(107) The Community industry represents only a part of total Community production. It should therefore be examined whether competition from other producers within the Community affects the situation of the Community industry. Other producers of bed linen are known to include, in particular, a large number of 'converters`, i.e. producers who make bed linen from grey cloth woven elsewhere, whereas the Community industry consists largely of integrated producers who weave most or all of their own grey cloth. As has been found, on a provisional basis, in the separate proceeding concerning imports of grey cloth from India, Pakistan, Egypt, China, Indonesia and Turkey, important sources of supply of this product were imported into the Community at dumped prices which would have provided these producers with an unfair advantage over the Community industry in the present proceeding. It cannot therefore be ruled out that distorted competition from this source contributed to the situation of the Community industry.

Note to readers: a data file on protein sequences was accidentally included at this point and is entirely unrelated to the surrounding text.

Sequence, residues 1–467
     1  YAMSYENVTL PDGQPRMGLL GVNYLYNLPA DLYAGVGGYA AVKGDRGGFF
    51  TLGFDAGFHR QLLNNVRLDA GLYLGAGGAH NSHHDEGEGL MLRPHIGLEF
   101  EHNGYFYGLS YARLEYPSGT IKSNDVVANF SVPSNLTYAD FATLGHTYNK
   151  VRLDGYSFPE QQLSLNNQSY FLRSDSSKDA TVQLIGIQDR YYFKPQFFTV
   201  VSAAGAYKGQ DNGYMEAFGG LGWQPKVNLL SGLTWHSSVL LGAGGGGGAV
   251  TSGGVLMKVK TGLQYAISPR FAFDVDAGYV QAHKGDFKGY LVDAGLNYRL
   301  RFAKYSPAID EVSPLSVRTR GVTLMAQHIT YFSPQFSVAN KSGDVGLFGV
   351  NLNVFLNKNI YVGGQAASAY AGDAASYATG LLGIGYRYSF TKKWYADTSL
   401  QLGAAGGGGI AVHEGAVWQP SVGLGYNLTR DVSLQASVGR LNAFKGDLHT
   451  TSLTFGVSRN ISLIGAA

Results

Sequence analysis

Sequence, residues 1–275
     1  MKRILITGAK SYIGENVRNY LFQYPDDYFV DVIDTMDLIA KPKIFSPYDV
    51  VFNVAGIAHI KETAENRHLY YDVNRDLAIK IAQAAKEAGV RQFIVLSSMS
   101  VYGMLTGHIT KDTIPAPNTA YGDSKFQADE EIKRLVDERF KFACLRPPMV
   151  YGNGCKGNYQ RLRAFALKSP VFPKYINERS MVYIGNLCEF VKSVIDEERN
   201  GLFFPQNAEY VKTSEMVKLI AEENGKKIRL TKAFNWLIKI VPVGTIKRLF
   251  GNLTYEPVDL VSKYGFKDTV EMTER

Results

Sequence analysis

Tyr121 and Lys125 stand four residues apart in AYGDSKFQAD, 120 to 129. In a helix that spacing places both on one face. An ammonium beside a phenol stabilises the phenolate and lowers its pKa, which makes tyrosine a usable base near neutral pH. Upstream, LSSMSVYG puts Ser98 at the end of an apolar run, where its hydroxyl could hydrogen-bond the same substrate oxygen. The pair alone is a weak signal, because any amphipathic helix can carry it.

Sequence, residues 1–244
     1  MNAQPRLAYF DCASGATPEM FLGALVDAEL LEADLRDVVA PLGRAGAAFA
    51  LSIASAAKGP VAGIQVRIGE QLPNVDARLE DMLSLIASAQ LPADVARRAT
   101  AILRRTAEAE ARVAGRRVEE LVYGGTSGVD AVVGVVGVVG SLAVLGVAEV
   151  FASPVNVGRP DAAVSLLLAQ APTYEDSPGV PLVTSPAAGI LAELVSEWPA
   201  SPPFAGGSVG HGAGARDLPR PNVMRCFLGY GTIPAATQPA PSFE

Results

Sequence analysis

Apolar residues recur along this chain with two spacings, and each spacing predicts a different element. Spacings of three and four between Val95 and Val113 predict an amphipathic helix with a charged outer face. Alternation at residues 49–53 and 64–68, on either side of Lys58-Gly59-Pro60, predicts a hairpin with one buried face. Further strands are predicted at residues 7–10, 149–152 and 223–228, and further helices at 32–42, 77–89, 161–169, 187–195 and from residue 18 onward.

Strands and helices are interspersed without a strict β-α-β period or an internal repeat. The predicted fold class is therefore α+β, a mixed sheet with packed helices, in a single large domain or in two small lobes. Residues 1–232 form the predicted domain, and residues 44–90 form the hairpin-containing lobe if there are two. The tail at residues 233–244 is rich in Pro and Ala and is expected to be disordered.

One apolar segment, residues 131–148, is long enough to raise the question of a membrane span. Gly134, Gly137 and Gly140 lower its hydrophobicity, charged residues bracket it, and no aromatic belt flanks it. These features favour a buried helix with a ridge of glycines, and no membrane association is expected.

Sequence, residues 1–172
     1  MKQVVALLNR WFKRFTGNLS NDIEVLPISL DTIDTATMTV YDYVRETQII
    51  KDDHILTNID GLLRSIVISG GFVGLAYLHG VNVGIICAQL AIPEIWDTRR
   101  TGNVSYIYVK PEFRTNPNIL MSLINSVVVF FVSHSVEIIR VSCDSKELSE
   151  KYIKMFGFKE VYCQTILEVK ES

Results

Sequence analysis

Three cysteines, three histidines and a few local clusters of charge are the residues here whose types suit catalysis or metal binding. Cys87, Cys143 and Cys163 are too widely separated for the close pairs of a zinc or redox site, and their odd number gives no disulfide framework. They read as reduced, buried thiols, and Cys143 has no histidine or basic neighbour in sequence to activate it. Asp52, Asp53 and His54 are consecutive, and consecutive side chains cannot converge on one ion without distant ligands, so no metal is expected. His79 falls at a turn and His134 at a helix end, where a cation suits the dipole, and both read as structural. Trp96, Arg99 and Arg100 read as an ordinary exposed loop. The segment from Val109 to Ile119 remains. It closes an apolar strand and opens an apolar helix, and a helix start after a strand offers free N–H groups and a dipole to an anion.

(108) Nevertheless it should be noted that the production and market share of the non-complainant producers have fallen between 1992 and the investigation period. Indeed the fall in production across the Community has been due to reduction by the non-complainants rather than by complainants. Since the imports concerned have increased over this timescale, the Commission decided that competition by non-complainants did not invalidate the conclusion that the imports concerned caused the injury observed.

4. Conclusion on causation